Royal Affair: Night is SUCH a good book. Have you read his other ones? In that kind of area I also love "All Quiet on the Western Front". I just picked up "What We Knew: Terror, Mass Murder and Everyday Life in Nazi Germany" by Eric Johnson and Karl-Heinz Rueband. It's an oral history of a bunch of people living in Germany during the Nazi Regime. Looks really good.
I just finished "My Sister's Keeper" by Jodie Picoult this morning. I liked it well enough, interesting concept. Think it could have been much better with a different author. I found there was too much fluff and nothing I could really get into. I want a book I can really sink my teeth into, get down into the bones, rip it appart and walk away with something. My mom teases me that she always can tell what books I like based on how much of it I've highlighted, dog eared and posted noted. This was simply a book I could put down, walk away and think nothing of it.
Day before yesterday I finished "Persopolis" by Marjane Starapi. It's an autobiographical comic book about her growing up during the Islamic Revolution in Iran. Really good, interesting read. You get to see everything through the point of view of a child. It's nice on both a historical, and psychological front. Interesting period of history, and you also get to see the processing and coping of a child during a high stress time period.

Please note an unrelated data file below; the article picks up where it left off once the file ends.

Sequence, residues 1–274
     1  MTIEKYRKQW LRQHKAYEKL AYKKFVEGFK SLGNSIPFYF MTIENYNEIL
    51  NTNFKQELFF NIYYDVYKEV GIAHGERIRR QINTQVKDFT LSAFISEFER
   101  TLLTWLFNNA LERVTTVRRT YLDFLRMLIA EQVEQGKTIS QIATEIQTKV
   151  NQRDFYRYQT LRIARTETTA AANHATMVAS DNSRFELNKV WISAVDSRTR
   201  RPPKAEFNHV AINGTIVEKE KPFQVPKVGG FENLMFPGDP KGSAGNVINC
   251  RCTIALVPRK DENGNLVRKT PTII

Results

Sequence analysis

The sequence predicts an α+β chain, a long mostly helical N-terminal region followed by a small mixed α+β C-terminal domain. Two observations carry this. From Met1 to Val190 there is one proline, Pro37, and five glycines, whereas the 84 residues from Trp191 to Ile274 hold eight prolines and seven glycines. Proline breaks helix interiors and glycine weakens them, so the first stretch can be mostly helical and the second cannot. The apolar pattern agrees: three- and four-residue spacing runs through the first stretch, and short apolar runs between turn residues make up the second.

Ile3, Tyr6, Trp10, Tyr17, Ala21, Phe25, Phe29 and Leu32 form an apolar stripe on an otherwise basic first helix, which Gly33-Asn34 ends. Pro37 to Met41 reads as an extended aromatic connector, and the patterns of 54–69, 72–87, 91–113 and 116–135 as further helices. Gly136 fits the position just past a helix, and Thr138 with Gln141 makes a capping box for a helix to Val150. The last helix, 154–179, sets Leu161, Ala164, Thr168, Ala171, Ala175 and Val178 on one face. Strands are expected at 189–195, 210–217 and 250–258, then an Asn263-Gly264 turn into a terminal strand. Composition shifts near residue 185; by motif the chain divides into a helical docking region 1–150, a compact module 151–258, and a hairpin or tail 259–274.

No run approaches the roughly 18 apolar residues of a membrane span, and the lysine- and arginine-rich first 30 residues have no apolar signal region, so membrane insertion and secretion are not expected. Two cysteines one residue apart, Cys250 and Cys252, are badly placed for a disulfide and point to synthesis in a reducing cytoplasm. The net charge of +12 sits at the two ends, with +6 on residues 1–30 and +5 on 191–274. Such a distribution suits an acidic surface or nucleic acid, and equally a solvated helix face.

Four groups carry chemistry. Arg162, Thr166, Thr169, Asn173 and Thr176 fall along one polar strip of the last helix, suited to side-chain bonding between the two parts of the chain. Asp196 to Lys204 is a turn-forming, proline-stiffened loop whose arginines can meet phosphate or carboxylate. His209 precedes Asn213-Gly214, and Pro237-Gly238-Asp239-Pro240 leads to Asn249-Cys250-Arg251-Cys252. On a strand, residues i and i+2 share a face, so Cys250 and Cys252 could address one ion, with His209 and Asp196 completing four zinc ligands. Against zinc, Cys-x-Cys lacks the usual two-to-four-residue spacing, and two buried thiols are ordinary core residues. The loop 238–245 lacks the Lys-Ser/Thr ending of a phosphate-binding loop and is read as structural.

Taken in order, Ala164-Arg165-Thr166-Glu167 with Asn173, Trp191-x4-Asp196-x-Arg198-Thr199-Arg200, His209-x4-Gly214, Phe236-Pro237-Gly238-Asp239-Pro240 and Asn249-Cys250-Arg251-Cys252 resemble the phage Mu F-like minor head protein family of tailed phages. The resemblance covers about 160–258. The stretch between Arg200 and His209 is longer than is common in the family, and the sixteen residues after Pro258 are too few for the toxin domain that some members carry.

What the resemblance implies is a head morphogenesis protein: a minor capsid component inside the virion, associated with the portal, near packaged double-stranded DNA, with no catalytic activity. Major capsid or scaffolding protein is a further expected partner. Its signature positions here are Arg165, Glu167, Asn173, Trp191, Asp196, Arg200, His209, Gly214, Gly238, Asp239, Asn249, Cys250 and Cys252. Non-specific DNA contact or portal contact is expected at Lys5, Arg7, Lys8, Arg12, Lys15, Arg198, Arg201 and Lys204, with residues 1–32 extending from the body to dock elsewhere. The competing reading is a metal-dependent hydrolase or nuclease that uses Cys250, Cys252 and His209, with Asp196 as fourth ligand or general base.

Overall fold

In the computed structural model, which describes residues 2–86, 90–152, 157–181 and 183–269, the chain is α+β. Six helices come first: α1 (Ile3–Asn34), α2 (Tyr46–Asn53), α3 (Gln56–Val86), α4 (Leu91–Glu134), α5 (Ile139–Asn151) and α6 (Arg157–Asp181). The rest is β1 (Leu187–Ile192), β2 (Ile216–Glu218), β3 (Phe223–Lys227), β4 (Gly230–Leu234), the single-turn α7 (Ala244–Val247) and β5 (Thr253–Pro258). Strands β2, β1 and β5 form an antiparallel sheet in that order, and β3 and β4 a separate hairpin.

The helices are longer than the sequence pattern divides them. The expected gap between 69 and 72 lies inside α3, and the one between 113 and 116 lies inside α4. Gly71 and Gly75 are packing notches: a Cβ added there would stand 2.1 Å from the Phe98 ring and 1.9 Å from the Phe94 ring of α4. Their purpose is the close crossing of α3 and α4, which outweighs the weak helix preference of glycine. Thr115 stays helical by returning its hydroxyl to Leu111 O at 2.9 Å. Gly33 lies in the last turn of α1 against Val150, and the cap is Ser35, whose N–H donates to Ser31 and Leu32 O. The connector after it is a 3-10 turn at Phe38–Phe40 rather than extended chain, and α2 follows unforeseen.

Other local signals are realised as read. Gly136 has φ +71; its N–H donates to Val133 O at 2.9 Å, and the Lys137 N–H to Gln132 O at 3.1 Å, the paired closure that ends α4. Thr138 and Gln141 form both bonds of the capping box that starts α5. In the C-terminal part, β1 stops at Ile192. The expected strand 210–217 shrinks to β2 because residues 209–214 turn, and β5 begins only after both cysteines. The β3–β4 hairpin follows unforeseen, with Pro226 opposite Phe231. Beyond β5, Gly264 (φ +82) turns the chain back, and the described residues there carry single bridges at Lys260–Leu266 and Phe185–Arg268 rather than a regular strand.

Books I currently have on the go:
~Uses and Abuses of History by Margaret MacMillan (author of Paris 1919). Basically the importance of history, traps in studying history, and how history can influence society (for good and bad). Quick read, a bit shy of 200 pages.
~Love's Executioner by Irvin D. Yalom, M.D. It's an old book, from 1989 detailing different cases he worked with as a psycotherapist. Really intestesting as it gives the therapists point of view on psycological issues.
~A Heartbreaking Work of Staggering Genius by David Eggers. Shortlisted for a Pulitzer prize, autobiography. Author, who is in his early 20s, has both his parents die of cancer within 5 weeks of eachother. He gets custody of his younger brother, who is 9ish (forget exact age). Really interesting.
~ Alice in Wonderland (self explanitory, rereading it because I'm wicked excited for the movie)
~ The Stuff of Thought by Steven Pinker. About language and how it relates to human nature.